Money_Market_Primer

Money_Market_Primer - A Money Market Primer First we...

Info iconThis preview shows pages 1–6. Sign up to view the full content.

View Full Document Right Arrow Icon
A Money Market Primer First we consider the Supply Side of this Market. For each of the exercises below, BEFORE YOU BEGIN CLICKING THE MOUSE, describe the impact of the event shown on Legal Reserves, Excess Reserves, Desired Excess Reserves (if applicable), Loans, Deposits, and the Supply of Money and Credit. Predict what the impact of this event will be on the graph shown. Now click away. Is your description (and prediction) correct?
Background image of page 1

Info iconThis preview has intentionally blurred sections. Sign up to view the full version.

View Full DocumentRight Arrow Icon
Review of Money Supply r M-2 M s EVENT: Public deposits currency into demand deposits r 0 M 0 Ceteris paribus, deposits of currency by the public  into Demand Deposits, or Checking Accounts  increases bank reserves. Reserves and Excess Reserves in Commercial  Banks rise. Bankers increase loans (and/or acquire  securities).   Deposits rise.  Money is created as  loans are made. The supply of money and credit increases. M s M 0
Background image of page 2
Review of Money Supply r M-2 M s EVENT: Increase in the market rate of interest r 0 M 0 Ceteris paribus, an increase in the market rate of  interest, at which loans can be made, increases  the opportunity cost of excess reserves. The level of desired excess reserves in commercial  banks decreases. Bankers increase loans (and/or acquire  securities).   Deposits rise.  Money is created as  loans are made. The quantity supplied of money and credit  increases. r 1 M 1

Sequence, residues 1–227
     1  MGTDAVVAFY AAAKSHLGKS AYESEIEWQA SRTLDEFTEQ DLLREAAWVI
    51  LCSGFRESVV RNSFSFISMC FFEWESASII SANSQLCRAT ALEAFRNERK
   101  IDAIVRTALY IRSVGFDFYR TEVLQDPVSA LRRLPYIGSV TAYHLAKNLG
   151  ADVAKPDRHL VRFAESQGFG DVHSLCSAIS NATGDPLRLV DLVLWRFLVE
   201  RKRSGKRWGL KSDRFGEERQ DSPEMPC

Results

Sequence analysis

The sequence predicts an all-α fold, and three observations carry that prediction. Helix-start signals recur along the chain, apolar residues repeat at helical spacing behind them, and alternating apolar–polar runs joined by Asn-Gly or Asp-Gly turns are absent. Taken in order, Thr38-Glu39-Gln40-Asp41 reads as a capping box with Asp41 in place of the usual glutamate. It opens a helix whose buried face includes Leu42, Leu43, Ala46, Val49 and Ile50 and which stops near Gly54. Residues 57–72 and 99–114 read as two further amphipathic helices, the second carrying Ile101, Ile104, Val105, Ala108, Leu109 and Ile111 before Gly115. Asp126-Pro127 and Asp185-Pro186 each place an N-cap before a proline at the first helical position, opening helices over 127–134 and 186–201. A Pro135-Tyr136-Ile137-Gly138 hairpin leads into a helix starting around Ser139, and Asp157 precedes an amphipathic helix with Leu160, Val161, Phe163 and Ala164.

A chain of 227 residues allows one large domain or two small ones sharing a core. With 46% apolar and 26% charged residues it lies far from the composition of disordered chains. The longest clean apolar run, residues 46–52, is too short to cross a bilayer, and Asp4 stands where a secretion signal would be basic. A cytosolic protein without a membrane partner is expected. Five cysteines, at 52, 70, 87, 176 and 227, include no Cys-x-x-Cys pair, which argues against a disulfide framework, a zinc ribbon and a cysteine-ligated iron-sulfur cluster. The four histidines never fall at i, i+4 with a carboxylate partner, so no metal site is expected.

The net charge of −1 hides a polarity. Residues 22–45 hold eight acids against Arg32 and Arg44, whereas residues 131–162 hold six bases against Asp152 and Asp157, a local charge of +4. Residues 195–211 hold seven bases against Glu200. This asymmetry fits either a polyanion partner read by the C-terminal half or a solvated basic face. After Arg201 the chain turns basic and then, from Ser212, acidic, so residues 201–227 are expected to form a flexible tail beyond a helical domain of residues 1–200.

Background image of page 3

Info iconThis preview has intentionally blurred sections. Sign up to view the full version.

View Full DocumentRight Arrow Icon
Review of Money Supply r M-2 M s EVENT: Transfer of balances from Time Deposits to Demand Deposits r 0 M 0 The public wishes to hold more of its money in  checking accounts, less in savings accounts. Legal Reserves remain unchanged, but required  reserves increase. Excess reserves decrease. The  required reserve ratio for demand deposits is  higher than the required reserve ratio for time  deposits. As old loans are paid off, bankers make fewer  new loans.  Deposits fall. The supply of money and credit decreases. M s M 0
Background image of page 4
r M-2 M s EVENT: Increase in Banker Uncertainty r 0 M 0 If bankers become more uncertain regarding  future deposits and withdrawals, desired excess  reserves will increase. There is no immediate effect on legal reserves or  excess reserves.   However, because bankers want to hold more  excess reserves, as old loans are paid off, bankers  make fewer new loans.  Deposits fall. The supply of money and credit decreases.
Background image of page 5

Info iconThis preview has intentionally blurred sections. Sign up to view the full version.

View Full DocumentRight Arrow Icon
Image of page 6
This is the end of the preview. Sign up to access the rest of the document.

This note was uploaded on 03/18/2011 for the course ECON 415 taught by Professor Holland during the Spring '09 term at Purdue University.

Page1 / 22

Money_Market_Primer - A Money Market Primer First we...

This preview shows document pages 1 - 6. Sign up to view the full document.

View Full Document Right Arrow Icon
Ask a homework question - tutors are online